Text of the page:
By Edward F. Findlay
The 1st complete exploration of the political considered Jan Patocka, scholar of Husserl and Heidegger and mentor of Vaclav Havel.
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Extra resources for Caring for the Soul in a Postmodern Age: Politics and Phenomenology in the Thought of Jan Patocka
Because of our corporeity and the nature of our lives as played out in communities, we relate to other beings, both objects and persons, and we relate to the world that is their context. These relations are part of our being, they enable our successful self-relation. In order to actualize that self-relation, Patocˇka writes, our personal being “must go round about through another being. ”99 This relating to the world and its contents is characteristic of all living beings, even those not imbued with self-understanding.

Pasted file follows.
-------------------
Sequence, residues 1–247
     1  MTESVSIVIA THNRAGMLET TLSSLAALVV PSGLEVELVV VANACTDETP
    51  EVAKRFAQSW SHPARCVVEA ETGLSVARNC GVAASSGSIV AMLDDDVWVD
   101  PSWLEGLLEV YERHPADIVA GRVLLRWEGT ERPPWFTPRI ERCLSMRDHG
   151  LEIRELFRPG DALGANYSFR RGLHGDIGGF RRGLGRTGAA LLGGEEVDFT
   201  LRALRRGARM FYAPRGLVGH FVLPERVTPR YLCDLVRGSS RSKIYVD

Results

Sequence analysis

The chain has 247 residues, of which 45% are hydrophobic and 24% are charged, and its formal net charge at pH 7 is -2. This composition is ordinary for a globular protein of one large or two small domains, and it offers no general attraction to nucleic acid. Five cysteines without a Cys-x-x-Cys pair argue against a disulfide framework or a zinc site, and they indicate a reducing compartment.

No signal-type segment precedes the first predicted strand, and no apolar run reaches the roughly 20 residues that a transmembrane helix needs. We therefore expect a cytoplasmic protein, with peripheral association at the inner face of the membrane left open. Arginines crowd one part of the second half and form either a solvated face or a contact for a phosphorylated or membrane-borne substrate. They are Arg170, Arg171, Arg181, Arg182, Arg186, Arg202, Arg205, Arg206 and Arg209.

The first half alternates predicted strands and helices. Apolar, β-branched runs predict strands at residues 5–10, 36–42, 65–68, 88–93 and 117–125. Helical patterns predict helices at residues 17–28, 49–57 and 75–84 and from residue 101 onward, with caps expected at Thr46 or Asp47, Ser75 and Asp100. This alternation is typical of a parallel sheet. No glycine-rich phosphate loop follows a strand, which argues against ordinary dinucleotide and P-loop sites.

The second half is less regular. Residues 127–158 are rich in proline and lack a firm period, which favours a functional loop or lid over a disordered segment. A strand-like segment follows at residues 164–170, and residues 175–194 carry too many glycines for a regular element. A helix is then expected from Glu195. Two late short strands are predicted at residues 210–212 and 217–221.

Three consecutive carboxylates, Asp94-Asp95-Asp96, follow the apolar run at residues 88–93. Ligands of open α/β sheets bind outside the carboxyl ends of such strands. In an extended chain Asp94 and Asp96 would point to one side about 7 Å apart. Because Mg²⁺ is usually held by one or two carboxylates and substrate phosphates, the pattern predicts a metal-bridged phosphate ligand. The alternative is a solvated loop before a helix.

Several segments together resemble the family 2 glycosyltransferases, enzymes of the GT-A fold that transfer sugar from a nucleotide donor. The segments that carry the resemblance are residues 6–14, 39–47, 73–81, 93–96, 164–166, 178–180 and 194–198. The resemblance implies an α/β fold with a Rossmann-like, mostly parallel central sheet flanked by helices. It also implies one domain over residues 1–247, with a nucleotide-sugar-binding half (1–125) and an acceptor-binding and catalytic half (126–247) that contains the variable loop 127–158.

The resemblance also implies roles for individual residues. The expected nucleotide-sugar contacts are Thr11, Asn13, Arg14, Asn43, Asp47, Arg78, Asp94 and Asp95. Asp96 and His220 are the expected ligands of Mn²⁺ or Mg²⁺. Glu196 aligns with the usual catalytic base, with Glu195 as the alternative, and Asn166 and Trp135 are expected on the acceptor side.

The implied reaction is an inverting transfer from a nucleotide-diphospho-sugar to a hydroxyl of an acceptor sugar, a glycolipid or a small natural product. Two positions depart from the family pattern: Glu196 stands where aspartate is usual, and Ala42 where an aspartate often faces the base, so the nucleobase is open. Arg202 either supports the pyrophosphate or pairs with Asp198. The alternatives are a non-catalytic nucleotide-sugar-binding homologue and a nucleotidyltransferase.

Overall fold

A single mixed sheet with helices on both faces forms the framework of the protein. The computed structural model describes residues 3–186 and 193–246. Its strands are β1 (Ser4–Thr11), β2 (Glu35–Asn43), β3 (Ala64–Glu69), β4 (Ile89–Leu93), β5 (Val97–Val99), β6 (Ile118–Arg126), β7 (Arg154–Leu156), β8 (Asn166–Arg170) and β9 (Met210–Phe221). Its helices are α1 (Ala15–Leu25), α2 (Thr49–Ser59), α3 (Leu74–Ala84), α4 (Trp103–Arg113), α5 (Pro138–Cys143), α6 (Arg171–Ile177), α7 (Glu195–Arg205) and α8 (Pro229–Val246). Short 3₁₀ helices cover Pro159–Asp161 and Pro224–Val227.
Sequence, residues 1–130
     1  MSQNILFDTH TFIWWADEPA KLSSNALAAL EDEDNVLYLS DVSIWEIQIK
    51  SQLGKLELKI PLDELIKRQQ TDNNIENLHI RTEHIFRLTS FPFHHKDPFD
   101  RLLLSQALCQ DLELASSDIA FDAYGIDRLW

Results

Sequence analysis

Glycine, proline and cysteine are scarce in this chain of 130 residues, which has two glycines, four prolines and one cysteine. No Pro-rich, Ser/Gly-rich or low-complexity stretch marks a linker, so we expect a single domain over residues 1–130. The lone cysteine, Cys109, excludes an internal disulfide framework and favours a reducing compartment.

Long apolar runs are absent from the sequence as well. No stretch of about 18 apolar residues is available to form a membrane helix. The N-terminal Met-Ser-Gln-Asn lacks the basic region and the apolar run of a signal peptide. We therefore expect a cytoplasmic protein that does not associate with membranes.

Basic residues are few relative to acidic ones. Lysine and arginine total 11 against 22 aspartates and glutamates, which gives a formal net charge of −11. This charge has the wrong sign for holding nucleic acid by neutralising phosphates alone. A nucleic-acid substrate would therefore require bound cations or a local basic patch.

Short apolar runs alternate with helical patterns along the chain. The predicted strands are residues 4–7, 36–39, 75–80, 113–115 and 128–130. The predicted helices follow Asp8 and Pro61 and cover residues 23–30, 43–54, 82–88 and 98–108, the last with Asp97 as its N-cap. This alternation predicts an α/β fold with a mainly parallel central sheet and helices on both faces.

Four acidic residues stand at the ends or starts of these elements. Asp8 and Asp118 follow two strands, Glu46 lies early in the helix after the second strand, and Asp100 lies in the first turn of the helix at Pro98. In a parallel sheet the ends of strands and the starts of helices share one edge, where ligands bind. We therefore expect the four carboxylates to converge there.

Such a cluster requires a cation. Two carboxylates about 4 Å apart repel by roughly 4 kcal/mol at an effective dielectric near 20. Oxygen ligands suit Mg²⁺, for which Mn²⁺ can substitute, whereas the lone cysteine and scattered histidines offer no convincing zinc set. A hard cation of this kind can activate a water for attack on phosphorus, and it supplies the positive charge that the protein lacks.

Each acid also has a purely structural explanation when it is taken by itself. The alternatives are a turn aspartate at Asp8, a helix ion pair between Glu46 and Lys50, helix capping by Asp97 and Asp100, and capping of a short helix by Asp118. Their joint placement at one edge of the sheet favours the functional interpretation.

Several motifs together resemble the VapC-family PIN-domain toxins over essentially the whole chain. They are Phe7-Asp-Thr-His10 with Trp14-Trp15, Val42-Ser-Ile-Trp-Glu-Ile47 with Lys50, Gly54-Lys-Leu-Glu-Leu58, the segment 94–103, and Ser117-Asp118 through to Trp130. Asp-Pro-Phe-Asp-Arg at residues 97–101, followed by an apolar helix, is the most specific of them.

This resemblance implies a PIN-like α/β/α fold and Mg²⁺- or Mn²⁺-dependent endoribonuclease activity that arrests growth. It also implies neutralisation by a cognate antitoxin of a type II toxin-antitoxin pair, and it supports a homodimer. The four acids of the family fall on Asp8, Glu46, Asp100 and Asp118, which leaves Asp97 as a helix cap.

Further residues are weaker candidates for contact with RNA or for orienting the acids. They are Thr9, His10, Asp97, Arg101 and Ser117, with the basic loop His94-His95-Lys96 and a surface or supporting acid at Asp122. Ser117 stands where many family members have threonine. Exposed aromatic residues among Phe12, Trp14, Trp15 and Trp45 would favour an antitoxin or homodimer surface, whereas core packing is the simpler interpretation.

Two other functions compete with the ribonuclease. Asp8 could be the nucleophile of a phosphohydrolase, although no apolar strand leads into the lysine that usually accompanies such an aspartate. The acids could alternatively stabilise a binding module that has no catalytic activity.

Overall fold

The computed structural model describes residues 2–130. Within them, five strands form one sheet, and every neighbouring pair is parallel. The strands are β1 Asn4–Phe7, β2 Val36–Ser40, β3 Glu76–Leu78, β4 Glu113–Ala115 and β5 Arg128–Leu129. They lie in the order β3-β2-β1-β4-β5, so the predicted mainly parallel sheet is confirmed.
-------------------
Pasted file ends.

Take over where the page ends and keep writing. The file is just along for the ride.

89 The crucial element in Patocˇka’s application of this concept to social being is his contention that the Heideggerean stress on finitude shares something with the Platonic melete¯ thanatou, the “learning to die” of the Phaedo. Socrates and Heidegger tell us that, in order to care for life, to live authentically, one must care for death and not attempt to evade it. In Heidegger, Patocˇka finds particularly relevant the discussion of the attitude of “everydayness” that characterizes “they” who effectively deny the certainty of death.
Only by the way does Heidegger recognize that the struggling being is a corporeal one, without explicating it. Yet precisely in the course of that explication does it become apparent that our relation to things is fully analogous to our self-relation, that it is a continuation of our life in the body. 98 Our relation to ourselves, our self-understanding as autonomous entities, is therefore not the sole factor constitutive of our being. Because of our corporeity and the nature of our lives as played out in communities, we relate to other beings, both objects and persons, and we relate to the world that is their context.